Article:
Preterm births are the most common cause of infant death worldwide. A new study is the first to identify relevant genes and a simple, potentially low-cost solution.
What are Preterm Births?
A human pregnancy normally lasts about 40 weeks. Preterm births, also known as premature births, are when a baby is at born 37 weeks or earlier. It is estimated that 10% of babies are born preterm. This is problematic since, in terms of development, every week counts. Even the last month is critical since major organs such as the brain, lungs, and liver are still developing until week 39. As such, a preterm baby is at higher risk of being admitted to hospital for a range of health problems such as:
- Problems breathing
- Trouble sucking and swallowing
- Difficulty staying warm
- Newborn jaundice
In addition, babies that survive an early birth can face serious, lifelong problems such as chronic lung disease, cerebral palsy, vision or hearing impairment, and cognitive or neurodevelopmental disabilities.
What Causes Preterm Births?
There are many factors that may lead to preterm births. Women who have had a previous preterm baby, women with uterine or cervical abnormalities, or women carrying twins are all at higher risk for preterm births. Other factors that can increase the risk for preterm birth include maternal:
- Smoking, drinking, or illicit drug use
- Problems with the placenta or bleeding
- Lack of prenatal care, or
- Closely spaced pregnancies
Possible Genetic Links
However, previous research has suggested that preterm births may not be strictly due to environmental factors such as those mentioned above. It is thought that approximately 30-40% of the risk for preterm births may be due to genetic factors.
A new study is the first to provide robust information on these genetic factors. A team of doctors and researchers from the U.S., Denmark, Finland, Norway, and Sweden recently conducted a large-scale study of the role of genetics in preterm births. Their results, published in the New England Journal of Medicine, were based upon extensive genomic data from nearly 44,000 women, primarily of Northern European descent. Each pregnant woman was asked to submit a saliva sample and was asked to answer a questionnaire providing information regarding the length of their pregnancy and other relevant data.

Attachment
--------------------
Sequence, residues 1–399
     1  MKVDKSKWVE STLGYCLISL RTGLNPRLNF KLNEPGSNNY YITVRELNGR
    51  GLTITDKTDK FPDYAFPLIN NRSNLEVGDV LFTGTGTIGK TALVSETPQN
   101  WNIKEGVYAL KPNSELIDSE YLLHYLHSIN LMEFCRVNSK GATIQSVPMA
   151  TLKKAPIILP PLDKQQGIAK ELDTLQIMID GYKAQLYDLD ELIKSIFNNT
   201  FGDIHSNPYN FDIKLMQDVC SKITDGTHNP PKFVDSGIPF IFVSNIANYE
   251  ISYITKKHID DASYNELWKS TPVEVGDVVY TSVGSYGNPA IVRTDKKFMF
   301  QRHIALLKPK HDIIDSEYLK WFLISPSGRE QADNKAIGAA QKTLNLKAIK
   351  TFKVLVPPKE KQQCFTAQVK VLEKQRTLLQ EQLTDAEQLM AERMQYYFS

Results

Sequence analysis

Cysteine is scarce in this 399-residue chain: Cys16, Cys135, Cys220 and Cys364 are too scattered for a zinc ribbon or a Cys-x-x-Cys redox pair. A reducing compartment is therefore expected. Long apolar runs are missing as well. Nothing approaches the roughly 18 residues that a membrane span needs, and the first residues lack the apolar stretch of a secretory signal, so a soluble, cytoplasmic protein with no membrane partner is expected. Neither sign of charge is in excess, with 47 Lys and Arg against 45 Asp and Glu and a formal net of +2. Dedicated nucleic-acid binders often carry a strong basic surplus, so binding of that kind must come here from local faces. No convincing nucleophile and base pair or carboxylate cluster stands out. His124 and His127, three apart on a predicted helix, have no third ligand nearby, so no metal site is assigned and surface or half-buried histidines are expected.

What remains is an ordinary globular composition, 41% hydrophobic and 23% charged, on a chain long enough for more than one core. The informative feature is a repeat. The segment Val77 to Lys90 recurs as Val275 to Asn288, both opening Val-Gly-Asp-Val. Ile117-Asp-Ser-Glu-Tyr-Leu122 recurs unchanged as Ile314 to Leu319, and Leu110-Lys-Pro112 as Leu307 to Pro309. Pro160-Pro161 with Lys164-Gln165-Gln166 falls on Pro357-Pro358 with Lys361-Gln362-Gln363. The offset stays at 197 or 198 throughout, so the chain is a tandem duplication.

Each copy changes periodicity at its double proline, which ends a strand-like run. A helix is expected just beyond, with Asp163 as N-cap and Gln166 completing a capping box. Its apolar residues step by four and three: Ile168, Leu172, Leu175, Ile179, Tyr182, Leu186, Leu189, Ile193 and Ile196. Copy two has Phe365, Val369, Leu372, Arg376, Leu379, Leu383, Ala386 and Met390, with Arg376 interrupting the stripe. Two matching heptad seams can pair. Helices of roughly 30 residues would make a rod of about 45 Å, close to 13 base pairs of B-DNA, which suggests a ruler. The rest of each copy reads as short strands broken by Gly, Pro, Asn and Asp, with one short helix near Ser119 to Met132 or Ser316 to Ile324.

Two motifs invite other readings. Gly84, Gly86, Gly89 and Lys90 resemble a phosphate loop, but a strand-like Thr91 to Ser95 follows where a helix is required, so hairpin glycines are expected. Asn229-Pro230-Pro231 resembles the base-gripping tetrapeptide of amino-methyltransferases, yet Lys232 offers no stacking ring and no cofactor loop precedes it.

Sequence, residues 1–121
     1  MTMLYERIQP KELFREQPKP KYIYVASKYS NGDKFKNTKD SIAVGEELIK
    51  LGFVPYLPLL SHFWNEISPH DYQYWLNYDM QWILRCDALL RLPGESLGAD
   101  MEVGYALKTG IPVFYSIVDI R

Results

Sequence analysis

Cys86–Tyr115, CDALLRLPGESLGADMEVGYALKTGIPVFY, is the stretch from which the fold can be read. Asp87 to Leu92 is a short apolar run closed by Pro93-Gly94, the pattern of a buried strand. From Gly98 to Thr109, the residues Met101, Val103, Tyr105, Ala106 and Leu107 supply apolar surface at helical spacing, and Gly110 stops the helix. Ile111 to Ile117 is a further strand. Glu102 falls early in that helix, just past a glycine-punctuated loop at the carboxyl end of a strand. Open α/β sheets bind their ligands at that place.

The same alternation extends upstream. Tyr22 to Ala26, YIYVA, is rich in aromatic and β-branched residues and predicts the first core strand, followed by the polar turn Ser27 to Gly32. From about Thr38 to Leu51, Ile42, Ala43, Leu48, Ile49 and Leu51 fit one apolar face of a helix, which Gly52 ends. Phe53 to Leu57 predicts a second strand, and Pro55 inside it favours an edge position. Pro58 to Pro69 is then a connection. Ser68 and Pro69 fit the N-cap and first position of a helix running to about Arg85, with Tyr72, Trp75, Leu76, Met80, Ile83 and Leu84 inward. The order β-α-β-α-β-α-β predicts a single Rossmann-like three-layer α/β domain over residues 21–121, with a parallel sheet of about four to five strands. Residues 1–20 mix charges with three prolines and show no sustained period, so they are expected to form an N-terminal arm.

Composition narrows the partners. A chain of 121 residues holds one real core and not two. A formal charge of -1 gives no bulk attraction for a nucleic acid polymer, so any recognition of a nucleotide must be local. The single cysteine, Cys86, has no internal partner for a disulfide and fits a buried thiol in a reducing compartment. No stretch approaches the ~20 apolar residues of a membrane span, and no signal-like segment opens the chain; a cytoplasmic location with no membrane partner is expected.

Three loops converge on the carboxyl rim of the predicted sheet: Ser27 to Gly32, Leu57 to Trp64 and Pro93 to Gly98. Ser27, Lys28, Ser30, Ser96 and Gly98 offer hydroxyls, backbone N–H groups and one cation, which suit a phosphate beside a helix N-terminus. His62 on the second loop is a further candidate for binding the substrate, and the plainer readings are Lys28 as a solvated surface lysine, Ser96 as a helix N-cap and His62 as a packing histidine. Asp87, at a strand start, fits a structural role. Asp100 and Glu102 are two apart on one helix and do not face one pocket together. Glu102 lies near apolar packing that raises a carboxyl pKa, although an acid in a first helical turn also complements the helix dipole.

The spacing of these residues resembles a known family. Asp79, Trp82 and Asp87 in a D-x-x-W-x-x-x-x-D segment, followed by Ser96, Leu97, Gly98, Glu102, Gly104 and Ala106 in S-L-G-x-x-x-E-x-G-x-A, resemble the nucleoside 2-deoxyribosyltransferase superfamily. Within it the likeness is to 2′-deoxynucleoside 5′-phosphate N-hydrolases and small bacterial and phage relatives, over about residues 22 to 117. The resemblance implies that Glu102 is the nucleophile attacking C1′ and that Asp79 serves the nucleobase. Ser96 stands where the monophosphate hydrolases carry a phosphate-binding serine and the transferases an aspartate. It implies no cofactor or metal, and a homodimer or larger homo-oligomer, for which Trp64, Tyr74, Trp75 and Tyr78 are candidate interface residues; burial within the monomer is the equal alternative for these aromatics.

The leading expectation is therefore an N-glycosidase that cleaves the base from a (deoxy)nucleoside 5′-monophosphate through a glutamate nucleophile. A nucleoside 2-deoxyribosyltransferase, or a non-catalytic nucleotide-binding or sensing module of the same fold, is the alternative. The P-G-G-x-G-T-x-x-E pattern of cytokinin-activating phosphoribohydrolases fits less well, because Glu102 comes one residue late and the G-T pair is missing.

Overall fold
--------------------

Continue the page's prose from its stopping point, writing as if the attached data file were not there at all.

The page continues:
Genome examination determined that there were six gene areas that may be relevant to gestational length. One gene area relates to cells that were found in the uterine lining. Lastly, the role of the dietary mineral, selenium, was implicated in playing a role in determining risk for preterm births. Recommendations for prenatal diets rich in foods containing selenium (certain fish, turkey, eggs, beef liver, or spinach) or selenium supplementation could be a simple, low-cost intervention to reduce rates of preterm births, newborn hospitalizations, and infant mortality.
This study was limited by two factors. First, the data pool was very homogeneous since they were all of European descent. Future research should investigate if these findings are replicable in other populations. Second, the gestational duration was self-reported. However, it is estimated that 90% of reported gestations aligned with age estimates done by medical personnel after birth.
This important study was the first to successfully identify and categorize the genes associated with preterm birth. Previous studies have already established the role of these genes in uterine development and vascular control. This study indicates that these genes are one of the causes of preterm birth.
Written by Debra A. Kellen, PhD
Reference: Zhang, G., Feenstra, B., Bacelis, J., et al. (2017). Genetic Associations with Gestational Duration and Spontaneous Preterm Birth. New England Journal of Medicine. doi:10.1056/nejmoa1612665